“Washington, D.C., is seen as far away, distant, removed and not in touch with what life is like here in Montana,” said Robert Saldin, associate professor of political science at the University of Montana. “The popular image of the bureaucrat in some cubicle making critical decisions that affect life here in Montana without any knowledge, or having been here, or how policies affect people on the ground here, is the kind of image at work within the Republican Party here.”
But with droves of outsiders moving into university towns like Missoula and Bozeman, the state isn’t entirely intolerant of Democrats. As recently as 2009, the House was split 50-50; last year, they were at 61. Republicans hold a four-seat edge in the Senate. Gov. Steve Bullock is the second consecutive Democrat to lead the state.
Senate President Scott Sales, a Republican who voted against Medicaid expansion, said he’s sympathetic to those who are now getting health care for the first time and has heard health success stories because of the law.
But Sales said the state can’t afford to keep the program going on its own. Montana paid just about $5 million for its share of the program, while the federal government kicked in $153.6 million for six months in fiscal year 2016, according to the Legislative Fiscal Division.
The state projects its cost over the next two fiscal years to rise to about $70 million, with $847 million in federal funding.
Montana doesn’t have a lot of options. Lower-than-expected oil and corporate tax revenues left the state $142 million short of expectations in the 2016 fiscal year, based on a two-year budget of $12.8 billion.Sales said most of those getting health insurance under the Medicaid expansion are capable of working and getting private insurance.
“The best thing we could possibly do for people — the best healthcare system — is a good job,” Sales said. “They need to take ownership for themselves. ... There is no constitutional guarantee to healthcare. If there is one, I’d love to have someone show it to me.”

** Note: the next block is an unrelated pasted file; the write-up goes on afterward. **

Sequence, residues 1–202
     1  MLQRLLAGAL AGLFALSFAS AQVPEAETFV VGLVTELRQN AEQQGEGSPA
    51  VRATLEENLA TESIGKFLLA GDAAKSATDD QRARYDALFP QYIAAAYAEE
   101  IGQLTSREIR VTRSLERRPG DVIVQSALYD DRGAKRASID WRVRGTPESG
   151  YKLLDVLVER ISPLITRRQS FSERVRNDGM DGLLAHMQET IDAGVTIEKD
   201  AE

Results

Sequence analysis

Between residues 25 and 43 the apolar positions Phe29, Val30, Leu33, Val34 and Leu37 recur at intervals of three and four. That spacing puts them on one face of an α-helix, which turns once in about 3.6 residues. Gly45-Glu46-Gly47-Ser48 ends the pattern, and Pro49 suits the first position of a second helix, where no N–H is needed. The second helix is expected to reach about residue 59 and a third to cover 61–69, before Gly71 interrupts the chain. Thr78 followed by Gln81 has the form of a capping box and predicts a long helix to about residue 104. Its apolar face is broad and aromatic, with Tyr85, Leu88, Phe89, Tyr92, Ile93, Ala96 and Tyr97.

To appease Montana Republicans when the expansion law was passed, a sunset clause put it up for renewal in 2019. But Bullock said stripping recipients of healthcare without a plan would be irresponsible.
Governing the fractious state, Bullock, with his frequent vetoes, has come to be known as the “goalie governor.” But he said lawmakers of all stripes have heard the stories about people getting healthcare for the first time.
One man wrote the governor an email about how the new insurance had allowed him to see a doctor and get treatment for a potentially fatal adrenal crisis.
“You saved my life on Feb. 10,” he wrote.
While the debate over Obamacare is taking place in Washington, Bullock said, it is states that are on the front lines, and state lawmakers who will have to figure out what to do until Congress finds a solution.
“Doubtless if the ground substantially shifts, we’ll hear from people a lot more than the folks in Washington, D.C., will hear from them,” Bullock said. “Because we also see them in our churches, in our communities on our streets.”
Cook agreed, saying congressional Republicans didn't have any real stakes in the process while President Obama was in power.
“The easiest vote in any legislature is a no vote [for something] you know is going to pass,” he said. “I think Republicans have been negligent at the federal level in not trying to make the program work. It’s been extraordinarily bad behavior and it’s not what you get elected to do.”